The digital world is tightly knit and tightly writ. You’ll find phrases. Fragments. Sentences without verbs. Yet you’ll understand what you read. People are used to the staccato style. The short sentences. Breaking news is delivered as briefs. It’s quick. Sometimes it’s: “This just in…”
We’re talking about news and information written specifically for websites, apps and some social media networking sites. Not stories uploaded as is from the print products.
Is this a bad thing? This different writing style? As an editor, should you be concerned?
Perhaps not, if you concentrate on good writing. Even a staccato style is a style — it is consistent and follows a pattern, like a conversation; it just differs from other writing styles.
If you change complex sentences in stories you edit for print to make them clear, you also should make changes in phrases or fragments on other platforms to make them clear. You still must understand the style; you cannot make up your own rules. Styles have always differed: newspapers from magazines from radio from television from online. What matters: whether there is a style and that the style is appropriate.
Tight writing on digital platforms might differ from tight writing in print. But that’s OK if you remember to keep it simple.
Want more tips? Strategy 32: Tight Writing / “Think Like an Editor”
When you trim for an online or mobile platform, you could end up with more, not less. That’s because one goal is to present stories that readers can consume quickly.
- You might cut out of a story some information that you could feature under a separate, clickable headline
- You might publish some of the information in list form as a rail alongside the story
- You might remove an entire portion of the story, such as an explanation of how an event happened — or where it happened — and turn it into an interactive data visualization.
Instead of one piece to tell the story, you might end up with several pieces.
When you look at the overall story after “trimming,” you might be offering readers more, not less.
Want more tips? Strategy 33: Trim a Story / “Think Like an Editor”
Let’s get social.
Social media is about more than communicating content. We need to provide the tools for our audience members to share our work with one another, and they need opportunities to become involved in meaningful ways, with one another and with us.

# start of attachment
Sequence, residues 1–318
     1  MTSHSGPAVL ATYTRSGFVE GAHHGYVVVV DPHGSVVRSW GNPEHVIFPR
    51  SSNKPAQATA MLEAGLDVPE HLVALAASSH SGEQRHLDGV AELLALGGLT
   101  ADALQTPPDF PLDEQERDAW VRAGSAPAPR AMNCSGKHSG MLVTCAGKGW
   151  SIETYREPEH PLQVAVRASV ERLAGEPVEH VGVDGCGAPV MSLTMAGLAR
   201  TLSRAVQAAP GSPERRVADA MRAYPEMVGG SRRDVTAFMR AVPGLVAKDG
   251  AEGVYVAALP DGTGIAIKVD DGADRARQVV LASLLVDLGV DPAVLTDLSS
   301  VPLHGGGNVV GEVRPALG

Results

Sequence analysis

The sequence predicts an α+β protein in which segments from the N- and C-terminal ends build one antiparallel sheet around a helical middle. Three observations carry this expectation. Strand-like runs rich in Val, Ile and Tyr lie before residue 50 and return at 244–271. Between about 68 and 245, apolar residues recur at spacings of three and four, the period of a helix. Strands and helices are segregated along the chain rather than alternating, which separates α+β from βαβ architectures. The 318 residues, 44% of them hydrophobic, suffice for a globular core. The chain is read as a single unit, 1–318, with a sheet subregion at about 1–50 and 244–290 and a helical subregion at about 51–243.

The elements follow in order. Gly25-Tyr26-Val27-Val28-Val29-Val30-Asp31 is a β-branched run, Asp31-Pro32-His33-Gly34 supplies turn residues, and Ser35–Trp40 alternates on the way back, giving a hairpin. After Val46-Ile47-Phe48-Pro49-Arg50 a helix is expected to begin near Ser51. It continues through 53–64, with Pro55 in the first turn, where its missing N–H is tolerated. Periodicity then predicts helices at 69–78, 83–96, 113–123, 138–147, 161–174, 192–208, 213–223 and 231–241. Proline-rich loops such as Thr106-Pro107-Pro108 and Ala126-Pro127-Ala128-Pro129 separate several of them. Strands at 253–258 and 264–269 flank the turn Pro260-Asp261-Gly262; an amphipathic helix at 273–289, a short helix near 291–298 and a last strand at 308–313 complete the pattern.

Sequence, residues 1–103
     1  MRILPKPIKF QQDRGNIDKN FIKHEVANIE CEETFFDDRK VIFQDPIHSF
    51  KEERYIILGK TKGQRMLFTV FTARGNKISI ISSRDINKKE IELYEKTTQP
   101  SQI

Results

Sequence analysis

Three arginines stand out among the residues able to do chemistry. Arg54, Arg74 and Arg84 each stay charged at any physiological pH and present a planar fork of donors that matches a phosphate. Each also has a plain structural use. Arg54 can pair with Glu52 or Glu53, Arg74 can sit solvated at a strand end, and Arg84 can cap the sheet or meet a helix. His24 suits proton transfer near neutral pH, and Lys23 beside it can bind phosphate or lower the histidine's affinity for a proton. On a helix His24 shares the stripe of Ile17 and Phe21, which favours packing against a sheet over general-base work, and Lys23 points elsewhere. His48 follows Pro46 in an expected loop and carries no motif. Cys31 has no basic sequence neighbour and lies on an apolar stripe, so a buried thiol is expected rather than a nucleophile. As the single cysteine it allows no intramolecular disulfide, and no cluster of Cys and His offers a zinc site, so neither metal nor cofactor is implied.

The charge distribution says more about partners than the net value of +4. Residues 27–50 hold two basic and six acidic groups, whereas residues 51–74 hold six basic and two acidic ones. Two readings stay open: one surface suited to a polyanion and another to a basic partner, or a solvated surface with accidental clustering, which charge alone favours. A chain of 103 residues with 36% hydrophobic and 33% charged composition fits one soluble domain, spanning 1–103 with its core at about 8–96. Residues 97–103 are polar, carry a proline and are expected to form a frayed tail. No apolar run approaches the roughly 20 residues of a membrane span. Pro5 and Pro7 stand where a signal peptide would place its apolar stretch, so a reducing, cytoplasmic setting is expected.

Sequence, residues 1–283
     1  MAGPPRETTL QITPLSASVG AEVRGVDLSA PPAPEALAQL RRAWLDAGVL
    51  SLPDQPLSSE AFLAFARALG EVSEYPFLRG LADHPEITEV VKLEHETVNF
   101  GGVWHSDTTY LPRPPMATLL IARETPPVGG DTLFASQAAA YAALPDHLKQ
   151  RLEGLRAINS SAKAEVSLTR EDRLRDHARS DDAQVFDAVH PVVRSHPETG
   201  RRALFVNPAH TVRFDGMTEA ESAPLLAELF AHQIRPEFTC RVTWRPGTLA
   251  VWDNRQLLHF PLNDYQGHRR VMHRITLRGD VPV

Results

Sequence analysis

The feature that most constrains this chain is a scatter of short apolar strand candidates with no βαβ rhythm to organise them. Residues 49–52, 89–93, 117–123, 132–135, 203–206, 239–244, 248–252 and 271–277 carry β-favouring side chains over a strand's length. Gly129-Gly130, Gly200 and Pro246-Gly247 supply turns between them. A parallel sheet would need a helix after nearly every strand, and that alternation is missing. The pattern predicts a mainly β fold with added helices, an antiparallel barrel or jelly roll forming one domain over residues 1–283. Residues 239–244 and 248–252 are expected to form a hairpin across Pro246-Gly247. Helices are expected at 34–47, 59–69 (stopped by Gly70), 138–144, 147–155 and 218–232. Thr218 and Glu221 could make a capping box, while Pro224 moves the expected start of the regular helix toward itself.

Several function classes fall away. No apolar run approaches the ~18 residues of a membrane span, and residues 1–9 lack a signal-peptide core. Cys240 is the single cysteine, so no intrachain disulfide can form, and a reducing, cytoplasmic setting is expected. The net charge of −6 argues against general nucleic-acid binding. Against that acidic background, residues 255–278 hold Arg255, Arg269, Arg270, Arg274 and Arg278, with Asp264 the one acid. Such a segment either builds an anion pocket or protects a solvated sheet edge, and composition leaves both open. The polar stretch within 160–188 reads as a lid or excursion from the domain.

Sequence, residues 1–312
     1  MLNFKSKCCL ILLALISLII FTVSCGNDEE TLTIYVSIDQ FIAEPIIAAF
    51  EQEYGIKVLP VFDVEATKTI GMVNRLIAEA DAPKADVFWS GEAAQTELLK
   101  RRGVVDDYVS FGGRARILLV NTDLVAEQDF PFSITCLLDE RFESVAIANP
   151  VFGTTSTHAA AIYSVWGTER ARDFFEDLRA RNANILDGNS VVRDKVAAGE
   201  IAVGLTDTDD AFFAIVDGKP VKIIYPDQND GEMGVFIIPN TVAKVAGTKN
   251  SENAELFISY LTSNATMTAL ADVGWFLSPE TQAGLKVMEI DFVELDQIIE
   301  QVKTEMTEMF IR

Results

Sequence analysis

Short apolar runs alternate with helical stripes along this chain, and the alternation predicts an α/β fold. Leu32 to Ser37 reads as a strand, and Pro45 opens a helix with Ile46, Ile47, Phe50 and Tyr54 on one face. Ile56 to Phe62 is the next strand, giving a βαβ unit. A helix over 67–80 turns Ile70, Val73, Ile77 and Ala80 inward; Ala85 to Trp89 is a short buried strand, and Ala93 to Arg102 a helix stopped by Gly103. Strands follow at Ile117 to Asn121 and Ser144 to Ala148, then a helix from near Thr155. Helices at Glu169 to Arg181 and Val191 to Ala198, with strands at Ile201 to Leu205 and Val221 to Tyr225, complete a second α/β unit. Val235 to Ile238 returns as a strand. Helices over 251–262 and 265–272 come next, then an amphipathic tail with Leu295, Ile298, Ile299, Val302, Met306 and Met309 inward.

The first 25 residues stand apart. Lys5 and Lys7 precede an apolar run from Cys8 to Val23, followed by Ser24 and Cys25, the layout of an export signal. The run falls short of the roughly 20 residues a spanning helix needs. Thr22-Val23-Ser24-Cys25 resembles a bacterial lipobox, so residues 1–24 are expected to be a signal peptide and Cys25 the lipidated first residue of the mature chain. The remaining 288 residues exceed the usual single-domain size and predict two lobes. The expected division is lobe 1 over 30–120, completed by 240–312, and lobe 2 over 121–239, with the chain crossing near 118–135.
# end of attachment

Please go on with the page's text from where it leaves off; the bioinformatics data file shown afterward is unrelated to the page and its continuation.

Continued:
Social media is about breaking boundaries and facilitating this emerging media relationship. We still provide content: advertisements and editorial matter of all kinds. But the wall between the audience and us is down. The audience is as much partner as customer. It has roles as reader, subscriber, commenter, shopper, distributor, content provider and even, at times, competitor.
One of our roles as communicators is to adapt to audience members’ new identity by using social media and the three I’s — integral, interact, involved — in the following ways.
Integral. Make social media integral to what you do. This first “I” is simply a mindset and a commitment to make. It’s a strategic plan that is integrated, and not an add-on or afterthought.
Interact. Get your audience to interact with one another and with you. This second “I” is basically a set of tools that allow interaction and involvement to take place naturally. Among the ways to interact: Facebook, Twitter, Google+ , Digg, Reddit and StumbleUpon.
Involved. Find meaningful ways to get your audience involved. This third “I” is what we do, our campaigns to get people involved. Like any good craftsman, pick the right social media tool for the job. Your strategy for social media should be tailored to the content and what you are trying to accomplish. What do you want and need? What does your audience want and need? Are you looking for utility? Fun? Both? Is Twitter right? Facebook? Instagram? YouTube? What about Storify?
A common misstep is to think of social media as a tool to use after content is created. Use it at the start, to solicit story ideas or to help with ongoing projects. Your audience, if asked, can help you generate new thoughts for sources, especially nontraditional ones, brainstorm new angles on ongoing stories, and build a list of new questions to ask.